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A Change of Scale 3 – In North Vancouver

October 24, 2014

From The Daily Scot:

A stroll around the North Vancouver District portion of Marine Drive last month reveals a rapid transformation from arterial to mid-rise mixed use corridor with a flurry of infill construction.



It’s rumored that District of North Vancouver’s goal is to turn Marine Drive into West 4th in Kits.  The scale and proportion of the buildings and the variety of materials used – brick, wood, metal – go a long way to adding interest and creating a human scale environment that trumps the massive block sizes of concrete and glass of some tower projects.



Ohrn Words: ICBC U and driverless cars

October 24, 2014

Lee Gomes writes at about driverless cars, which are occasionally touted as a panacea for traffic congestion and the appalling death and injury toll on our roads. Not so fast, he says. Expect less autonomy, and longer time to achieve even that.

Google carHe describes Google’s current state of the art, and notes that their driverless cars depend completely upon detailed route maps that are orders of magnitude more complex and expensive to create than, say, Google maps. Likewise, car sensors, he says, cannot adequately recognise and react to changes in the car’s mapped environment. He uses the example of a newly installed traffic light, such as at a construction zone.  There are other weaknesses, like parking.

But the one that interests me most is the car’s computers’ inability to have and use “everyday common sense”, a.k.a. “generalized intelligence”, which most human drivers have, and which allows them to make rapid decisions when faced with the unexpected. For humans, this consists of rules of thumb, scenarios, behaviour patterns, and other things acquired by experience, observation and the “school of hard knocks”, also known as ICBC U.

West End Traffic

October 24, 2014


The Daily Scot: “Younger adults opting to rent”

October 23, 2014

Scot can relate.

From Yahoo Finance:

Since 2008, the year Lehman Brothers collapsed and home prices dropped precipitously, there has been a steady increase in the number of people ages 18 to 34 renting instead of buying homes. About 875,000 more households are now made up of young adult renters than would have existed if the 2008-era trend had held steady, according to an analysis of census data by Jed Kolko, chief economist at Trulia, a real estate marketing website.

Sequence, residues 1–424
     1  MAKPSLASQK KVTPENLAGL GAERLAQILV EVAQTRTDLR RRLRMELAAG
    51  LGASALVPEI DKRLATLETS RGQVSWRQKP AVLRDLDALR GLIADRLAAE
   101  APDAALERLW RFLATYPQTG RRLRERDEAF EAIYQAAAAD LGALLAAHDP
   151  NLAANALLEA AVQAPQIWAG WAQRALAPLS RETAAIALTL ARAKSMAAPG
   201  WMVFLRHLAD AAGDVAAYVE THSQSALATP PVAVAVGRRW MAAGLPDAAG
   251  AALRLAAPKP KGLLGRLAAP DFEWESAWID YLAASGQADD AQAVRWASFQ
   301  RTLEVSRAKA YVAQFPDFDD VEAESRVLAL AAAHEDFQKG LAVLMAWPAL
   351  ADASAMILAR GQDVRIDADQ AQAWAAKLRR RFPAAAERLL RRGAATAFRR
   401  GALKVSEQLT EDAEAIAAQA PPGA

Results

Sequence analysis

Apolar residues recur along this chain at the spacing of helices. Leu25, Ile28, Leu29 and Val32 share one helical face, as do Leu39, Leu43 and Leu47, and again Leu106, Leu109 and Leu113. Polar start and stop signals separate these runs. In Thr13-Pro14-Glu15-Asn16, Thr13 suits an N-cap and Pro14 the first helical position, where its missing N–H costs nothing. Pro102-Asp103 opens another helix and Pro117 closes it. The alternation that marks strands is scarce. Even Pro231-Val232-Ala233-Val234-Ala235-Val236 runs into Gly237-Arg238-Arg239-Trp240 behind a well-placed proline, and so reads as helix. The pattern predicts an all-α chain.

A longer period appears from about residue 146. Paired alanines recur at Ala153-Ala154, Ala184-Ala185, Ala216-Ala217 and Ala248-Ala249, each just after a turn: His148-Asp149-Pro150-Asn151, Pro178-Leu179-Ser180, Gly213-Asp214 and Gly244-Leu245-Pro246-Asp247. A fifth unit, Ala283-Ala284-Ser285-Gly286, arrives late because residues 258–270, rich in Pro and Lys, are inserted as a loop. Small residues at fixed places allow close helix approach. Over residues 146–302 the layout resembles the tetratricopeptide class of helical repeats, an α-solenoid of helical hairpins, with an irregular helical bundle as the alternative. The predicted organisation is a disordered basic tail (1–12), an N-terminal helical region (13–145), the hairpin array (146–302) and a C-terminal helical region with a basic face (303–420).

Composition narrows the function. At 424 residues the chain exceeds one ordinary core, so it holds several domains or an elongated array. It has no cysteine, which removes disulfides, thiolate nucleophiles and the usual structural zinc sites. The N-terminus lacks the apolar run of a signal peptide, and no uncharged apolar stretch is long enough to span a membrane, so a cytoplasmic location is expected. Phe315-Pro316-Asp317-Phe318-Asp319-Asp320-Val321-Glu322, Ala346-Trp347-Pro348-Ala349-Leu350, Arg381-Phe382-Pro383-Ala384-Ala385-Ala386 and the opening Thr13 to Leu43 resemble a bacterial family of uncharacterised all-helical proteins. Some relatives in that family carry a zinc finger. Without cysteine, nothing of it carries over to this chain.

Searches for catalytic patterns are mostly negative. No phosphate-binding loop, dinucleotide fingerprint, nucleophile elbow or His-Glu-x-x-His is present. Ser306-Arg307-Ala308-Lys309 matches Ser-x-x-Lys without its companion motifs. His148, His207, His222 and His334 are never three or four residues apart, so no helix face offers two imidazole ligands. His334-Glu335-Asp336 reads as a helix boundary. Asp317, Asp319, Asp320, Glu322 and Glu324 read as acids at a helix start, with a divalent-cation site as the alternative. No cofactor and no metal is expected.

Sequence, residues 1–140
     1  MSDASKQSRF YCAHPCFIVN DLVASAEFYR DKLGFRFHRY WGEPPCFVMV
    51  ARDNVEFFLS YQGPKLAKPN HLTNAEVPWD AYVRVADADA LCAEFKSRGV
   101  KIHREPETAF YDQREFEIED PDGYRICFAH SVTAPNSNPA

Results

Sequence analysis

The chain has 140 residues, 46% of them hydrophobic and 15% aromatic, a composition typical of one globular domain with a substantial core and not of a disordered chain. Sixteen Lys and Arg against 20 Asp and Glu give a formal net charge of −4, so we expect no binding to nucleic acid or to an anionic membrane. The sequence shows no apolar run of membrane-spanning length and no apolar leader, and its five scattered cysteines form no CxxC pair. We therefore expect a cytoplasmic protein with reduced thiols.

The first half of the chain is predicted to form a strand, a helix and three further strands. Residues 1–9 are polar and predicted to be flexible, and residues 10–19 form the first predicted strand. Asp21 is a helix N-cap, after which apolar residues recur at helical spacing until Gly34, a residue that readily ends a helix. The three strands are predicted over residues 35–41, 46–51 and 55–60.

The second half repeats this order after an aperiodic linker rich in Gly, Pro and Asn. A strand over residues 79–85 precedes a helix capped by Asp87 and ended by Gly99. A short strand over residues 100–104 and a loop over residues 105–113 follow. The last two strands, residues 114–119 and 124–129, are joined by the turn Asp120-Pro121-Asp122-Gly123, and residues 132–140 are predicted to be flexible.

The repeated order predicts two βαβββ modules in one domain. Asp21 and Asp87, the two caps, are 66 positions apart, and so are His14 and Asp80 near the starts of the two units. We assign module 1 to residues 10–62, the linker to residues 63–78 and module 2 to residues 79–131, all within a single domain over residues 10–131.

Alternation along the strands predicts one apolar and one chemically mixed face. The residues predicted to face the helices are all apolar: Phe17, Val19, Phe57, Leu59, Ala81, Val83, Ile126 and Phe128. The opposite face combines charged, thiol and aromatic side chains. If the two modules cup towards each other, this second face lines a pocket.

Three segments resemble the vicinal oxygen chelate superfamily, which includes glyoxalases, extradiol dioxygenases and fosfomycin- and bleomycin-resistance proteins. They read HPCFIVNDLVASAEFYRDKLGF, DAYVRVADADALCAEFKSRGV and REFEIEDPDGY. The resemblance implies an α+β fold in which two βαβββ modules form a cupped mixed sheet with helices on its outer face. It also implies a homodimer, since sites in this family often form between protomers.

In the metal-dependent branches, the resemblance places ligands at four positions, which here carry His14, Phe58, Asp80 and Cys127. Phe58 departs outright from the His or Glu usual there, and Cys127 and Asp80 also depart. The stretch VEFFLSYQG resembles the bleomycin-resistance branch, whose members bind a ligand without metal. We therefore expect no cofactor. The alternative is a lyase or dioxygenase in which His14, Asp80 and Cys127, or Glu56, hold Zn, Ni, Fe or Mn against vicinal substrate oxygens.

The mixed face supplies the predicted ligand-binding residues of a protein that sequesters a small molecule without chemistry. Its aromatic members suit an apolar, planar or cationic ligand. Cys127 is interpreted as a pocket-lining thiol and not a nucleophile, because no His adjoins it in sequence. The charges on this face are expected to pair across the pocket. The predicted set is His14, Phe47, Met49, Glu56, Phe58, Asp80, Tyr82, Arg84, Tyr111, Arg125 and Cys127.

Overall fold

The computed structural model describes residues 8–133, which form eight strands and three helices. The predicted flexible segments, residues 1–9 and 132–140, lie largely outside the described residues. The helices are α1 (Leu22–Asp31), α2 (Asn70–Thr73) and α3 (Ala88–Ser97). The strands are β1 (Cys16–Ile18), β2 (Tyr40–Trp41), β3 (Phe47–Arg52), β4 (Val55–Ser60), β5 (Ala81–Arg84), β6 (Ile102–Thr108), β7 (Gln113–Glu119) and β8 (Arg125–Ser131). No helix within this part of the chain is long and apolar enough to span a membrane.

Moreover, as the economy slowly improves and job growth picks up steam, the millions of 20- and 30-somethings who shared living quarters with friends or nestled in their parents’ basements to ride out the economic shock waves from the Great Recession are beginning to branch out on their own. But they are still largely shut out of the mortgage market.

“They’re not going to go from living with their parents to buying a home,” said Mark Zandi, chief economist at Moody’s Analytics, speaking at a housing conference in Washington. “They’re going to rent an apartment.”


Click to enlarge.

Passerelle of the Future – 2: 11th Street Bridge

October 23, 2014

In September, PT posted the competition for the 11th Street Bridge competition in Washington, DC here.

And now the winners:

Landscape architecture firm OLIN and architecture firm OMA were announced as the winners of a national design competition to create a 900-foot-long bridge park spanning the Anacostia River in Washington, D.C.



More here, plus video, in the Washington Post.

Satellite Fonts

October 23, 2014

From Gladys We:

Art director Yousuke Ozawa created “Satellite Fonts” sourced from Google Earth images of letter-shaped buildings.



Ray Spaxman: Responses to “The Telus Case”

October 23, 2014
Ray Spaxman received 25 responses to his email and PT post on “The Telus Case.”
Two comments resonated with me particularly as good ones for future debates.  One suggested that we should beware our pursuit of guidelines and regs for it may contribute to what some people see as blandness. Another said that we should not get too comfortable with Vancouver for it lacks a true sense of city scale  urban design and the creation of place like mature city’s have.
Response.   Every time I go down Seymour or Richards I feel incensed when I see these ugly “boxes” hanging over the street blocking views, sunlight, space – public space – in fact it sort of stuns me. How could this be approved with any sense of public interest? So thank you Ray, for presenting your views on this.
Response. I’ve had another look at the Telus overhang,and reserve judgement till the development is completed and landscaped.
Response.  Looking at the City’s zoning map, there are well north of 500 CD-1 Comprehensive Development Zone sites, and counting. In fact the former DD area of the downtown peninsula is getting close to 50 percent purple (CD-1), and it’s more than 50 percent CD-1 if you include all the waterfront areas, but excluding the West End and heritage districts.
Soon ‘purple’ will be the dominant zone, each one representing an opportunistic, site-specific development deal. So much for comprehensive planning.
Response. All good questions, Ray. Unfortunately, the three people most in a position to answer most of them will never respond publicly – the developer, the architect and the lead planner.

BTW, I recently saw a similar projection of private space over the sidewalk (only) in Edmonton, and the staff member involved was quite proud of it.

Read more…


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